A few weeks ago, I read on Adventure Journal.com about the new science of satisfying thirst, (Almost Everything We Know About Hydration is Wrong, 9/27/11) which cited a study by Dr. James Winger of Loyola University Medical Center claiming that most of us drink way too much during times of physical exertion.
Days before this year’s Marine Corp Marathon, one of the most heavily attended and popular beginner marathons in the country, The Washington Post goes all hyponatremia on us, also citing Winger’s work, and discussing the threat of death as a result of a drastic reduction of sodium supplies in our blood cells.
So what gives?
Well, hyponatremia is not some new discovery. (It’s a threat to hikers, too.) However, since it’s less severe symptoms can be manifested in nausea and cramps, it can be easily confused with other forms of exercise-induced illness, like heat illnesses and even dehydration. Thus, it’s probably much more common at the finish line than we think. And of course, what’s the first thing someone hands you after a race?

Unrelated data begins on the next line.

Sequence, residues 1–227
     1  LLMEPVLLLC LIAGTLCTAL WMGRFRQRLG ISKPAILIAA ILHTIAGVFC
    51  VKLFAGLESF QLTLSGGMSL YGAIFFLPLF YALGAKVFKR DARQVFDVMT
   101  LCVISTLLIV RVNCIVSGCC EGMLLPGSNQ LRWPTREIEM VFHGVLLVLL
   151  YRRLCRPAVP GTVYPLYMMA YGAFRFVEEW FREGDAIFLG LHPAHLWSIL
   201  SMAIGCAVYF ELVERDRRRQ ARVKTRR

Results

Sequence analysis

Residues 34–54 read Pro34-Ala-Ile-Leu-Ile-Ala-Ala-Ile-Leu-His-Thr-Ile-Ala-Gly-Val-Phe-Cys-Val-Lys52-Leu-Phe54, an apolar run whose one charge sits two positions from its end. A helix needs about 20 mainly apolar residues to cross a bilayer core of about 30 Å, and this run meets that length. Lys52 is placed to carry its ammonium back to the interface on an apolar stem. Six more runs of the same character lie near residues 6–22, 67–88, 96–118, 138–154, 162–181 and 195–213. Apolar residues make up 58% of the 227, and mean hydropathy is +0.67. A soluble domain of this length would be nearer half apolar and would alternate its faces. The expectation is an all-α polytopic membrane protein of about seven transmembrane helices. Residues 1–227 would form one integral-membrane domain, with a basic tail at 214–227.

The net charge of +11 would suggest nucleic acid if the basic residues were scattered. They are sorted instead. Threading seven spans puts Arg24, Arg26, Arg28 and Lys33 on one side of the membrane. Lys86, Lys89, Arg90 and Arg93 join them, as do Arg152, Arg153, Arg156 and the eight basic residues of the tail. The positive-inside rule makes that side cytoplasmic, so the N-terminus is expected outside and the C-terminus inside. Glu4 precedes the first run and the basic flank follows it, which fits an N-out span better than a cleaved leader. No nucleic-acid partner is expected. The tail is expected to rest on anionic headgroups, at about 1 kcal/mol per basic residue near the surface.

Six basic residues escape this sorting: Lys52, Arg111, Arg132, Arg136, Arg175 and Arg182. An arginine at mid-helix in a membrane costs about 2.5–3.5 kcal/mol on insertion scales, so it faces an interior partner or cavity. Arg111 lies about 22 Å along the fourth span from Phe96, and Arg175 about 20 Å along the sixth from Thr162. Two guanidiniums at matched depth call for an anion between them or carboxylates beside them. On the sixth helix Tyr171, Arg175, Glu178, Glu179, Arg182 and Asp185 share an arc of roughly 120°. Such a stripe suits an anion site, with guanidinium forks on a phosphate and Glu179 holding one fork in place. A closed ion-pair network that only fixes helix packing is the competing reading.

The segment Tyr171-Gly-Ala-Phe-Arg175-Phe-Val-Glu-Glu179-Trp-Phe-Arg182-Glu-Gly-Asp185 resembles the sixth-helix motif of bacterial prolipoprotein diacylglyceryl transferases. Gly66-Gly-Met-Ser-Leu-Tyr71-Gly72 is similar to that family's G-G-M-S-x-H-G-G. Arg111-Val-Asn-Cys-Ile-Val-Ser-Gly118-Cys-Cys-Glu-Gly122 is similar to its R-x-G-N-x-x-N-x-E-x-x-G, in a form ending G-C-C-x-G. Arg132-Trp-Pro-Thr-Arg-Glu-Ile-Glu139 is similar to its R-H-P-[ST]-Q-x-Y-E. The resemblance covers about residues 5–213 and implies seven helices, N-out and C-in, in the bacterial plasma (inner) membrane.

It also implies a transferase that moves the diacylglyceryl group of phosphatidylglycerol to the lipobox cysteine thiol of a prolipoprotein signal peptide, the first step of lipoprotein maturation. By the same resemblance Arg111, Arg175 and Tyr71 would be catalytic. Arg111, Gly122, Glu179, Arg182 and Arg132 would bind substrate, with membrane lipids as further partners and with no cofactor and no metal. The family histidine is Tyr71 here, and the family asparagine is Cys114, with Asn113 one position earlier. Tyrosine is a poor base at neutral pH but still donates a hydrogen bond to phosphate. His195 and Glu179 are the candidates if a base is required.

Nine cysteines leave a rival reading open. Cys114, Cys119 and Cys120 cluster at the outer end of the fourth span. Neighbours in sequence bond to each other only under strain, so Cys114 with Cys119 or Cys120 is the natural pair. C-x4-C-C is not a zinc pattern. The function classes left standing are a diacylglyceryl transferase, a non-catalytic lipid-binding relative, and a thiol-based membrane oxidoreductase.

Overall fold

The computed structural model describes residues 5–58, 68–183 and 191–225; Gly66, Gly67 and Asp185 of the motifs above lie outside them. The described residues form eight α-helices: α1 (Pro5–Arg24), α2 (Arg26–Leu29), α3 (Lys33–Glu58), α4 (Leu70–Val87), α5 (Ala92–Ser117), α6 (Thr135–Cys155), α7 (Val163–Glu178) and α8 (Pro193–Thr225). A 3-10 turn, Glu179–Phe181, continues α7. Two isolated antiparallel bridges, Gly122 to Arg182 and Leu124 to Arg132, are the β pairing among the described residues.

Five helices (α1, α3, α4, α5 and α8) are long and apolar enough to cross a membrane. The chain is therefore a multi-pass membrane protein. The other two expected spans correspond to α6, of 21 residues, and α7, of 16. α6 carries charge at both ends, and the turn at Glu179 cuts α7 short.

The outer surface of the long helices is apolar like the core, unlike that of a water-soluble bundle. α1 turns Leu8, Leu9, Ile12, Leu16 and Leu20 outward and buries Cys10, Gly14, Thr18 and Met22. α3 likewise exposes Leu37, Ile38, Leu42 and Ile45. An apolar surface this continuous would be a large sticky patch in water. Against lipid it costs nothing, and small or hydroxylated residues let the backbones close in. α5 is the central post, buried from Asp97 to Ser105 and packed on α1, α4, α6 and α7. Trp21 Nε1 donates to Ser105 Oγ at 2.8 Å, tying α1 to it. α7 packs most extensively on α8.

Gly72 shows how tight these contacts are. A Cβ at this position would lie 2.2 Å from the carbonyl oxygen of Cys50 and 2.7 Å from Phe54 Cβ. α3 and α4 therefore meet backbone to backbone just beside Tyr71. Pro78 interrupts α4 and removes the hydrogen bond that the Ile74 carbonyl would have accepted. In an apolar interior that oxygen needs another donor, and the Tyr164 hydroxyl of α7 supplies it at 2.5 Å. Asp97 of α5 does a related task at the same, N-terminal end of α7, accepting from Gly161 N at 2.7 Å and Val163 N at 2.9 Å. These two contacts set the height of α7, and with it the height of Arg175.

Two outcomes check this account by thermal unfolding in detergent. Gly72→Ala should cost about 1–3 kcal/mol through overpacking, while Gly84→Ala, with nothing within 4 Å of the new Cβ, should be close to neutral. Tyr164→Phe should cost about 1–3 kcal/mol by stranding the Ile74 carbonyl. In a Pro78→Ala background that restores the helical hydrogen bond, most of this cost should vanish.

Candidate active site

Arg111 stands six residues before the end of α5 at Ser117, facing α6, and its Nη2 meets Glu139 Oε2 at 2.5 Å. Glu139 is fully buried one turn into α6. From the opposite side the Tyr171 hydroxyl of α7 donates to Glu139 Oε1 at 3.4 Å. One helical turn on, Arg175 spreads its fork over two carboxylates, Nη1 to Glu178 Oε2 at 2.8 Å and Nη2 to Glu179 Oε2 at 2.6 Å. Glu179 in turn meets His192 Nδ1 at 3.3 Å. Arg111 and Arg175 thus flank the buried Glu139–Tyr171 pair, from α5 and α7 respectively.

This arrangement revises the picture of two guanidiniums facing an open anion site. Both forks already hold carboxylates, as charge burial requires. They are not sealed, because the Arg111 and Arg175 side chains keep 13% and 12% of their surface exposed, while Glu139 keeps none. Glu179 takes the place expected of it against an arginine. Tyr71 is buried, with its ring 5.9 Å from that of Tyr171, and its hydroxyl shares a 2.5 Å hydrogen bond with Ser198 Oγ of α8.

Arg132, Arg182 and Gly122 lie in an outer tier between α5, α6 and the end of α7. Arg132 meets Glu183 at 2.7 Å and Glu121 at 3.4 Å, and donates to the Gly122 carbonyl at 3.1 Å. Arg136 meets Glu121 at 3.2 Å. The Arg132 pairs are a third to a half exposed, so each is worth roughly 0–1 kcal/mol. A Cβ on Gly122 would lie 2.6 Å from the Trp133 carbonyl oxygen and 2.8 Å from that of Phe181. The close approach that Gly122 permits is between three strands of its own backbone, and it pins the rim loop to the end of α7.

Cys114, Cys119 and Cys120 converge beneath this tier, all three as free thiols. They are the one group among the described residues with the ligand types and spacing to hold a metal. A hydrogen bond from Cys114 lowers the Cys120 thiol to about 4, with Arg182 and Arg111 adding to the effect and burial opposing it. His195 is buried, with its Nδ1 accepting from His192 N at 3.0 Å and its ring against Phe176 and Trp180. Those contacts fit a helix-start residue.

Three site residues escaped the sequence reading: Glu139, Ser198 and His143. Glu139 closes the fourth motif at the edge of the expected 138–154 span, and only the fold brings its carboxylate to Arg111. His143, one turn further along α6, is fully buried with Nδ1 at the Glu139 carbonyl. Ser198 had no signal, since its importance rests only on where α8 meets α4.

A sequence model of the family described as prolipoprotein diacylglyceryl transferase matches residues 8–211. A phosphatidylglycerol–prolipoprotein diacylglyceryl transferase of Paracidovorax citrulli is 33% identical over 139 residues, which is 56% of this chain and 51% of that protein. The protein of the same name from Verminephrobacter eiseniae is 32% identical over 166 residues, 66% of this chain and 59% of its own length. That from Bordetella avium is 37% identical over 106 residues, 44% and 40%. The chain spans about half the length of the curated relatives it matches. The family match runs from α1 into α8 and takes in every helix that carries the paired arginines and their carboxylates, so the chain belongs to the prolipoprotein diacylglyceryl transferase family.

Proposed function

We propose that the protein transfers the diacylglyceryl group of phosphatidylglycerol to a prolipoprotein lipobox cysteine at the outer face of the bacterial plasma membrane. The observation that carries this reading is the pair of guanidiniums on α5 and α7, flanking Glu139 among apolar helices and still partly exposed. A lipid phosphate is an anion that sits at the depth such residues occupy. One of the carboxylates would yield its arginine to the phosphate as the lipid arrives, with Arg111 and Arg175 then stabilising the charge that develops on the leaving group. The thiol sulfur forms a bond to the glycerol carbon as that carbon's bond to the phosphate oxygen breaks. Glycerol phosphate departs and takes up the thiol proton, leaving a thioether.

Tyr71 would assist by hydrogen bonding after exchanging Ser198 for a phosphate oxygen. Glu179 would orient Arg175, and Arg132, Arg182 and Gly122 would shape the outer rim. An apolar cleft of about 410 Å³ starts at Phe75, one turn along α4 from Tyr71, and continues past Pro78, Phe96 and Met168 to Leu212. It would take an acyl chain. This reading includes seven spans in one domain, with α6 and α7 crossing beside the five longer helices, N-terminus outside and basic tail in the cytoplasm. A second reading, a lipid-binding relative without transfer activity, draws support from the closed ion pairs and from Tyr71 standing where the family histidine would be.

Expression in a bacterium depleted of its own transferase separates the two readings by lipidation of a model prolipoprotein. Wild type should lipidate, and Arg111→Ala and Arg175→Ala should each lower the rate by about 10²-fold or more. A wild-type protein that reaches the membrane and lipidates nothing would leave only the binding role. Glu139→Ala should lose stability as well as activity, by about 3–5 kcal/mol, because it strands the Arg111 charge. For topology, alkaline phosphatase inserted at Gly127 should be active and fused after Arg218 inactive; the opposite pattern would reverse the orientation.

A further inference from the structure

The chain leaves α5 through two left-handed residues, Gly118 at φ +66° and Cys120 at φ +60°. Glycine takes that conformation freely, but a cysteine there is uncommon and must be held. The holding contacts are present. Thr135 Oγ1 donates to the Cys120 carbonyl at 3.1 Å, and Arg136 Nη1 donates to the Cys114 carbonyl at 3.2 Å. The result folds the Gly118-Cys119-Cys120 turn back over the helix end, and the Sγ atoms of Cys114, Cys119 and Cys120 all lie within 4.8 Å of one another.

Winger’s study goes against the mantra of “if you wait until you’re thirsty to drink, you’re already dehydrated,” and instead states that the opposite practice is probably the best way to remain sufficiently hydrated, regardless of the severity of your exertion. That is, drink when you’re thirsty.
Probably the most fun fact in Winger’s study is the one that essentially debunks the need for commercial sports drinks. In fact, I can think of no better marketing campaign in need of debunking than that base, downright silly, “three stage” horse shit Gatorade is pitching right now. And why is one of them in a tube?
It was good to see the media address this issue on the eve of such a big event for so many first time marathoners. The advice and resources and strategies for running can get overwhelming in a hurry for newbie disties. Now it looks like how to handle your thirst is yet another thing to worry about.
Like most active and outdoor pursuits, the key is to know your cerebral limits and reconcile them with your physical ones. Stay alert to your body’s needs and in most cases, you’ll cross the line in good shape.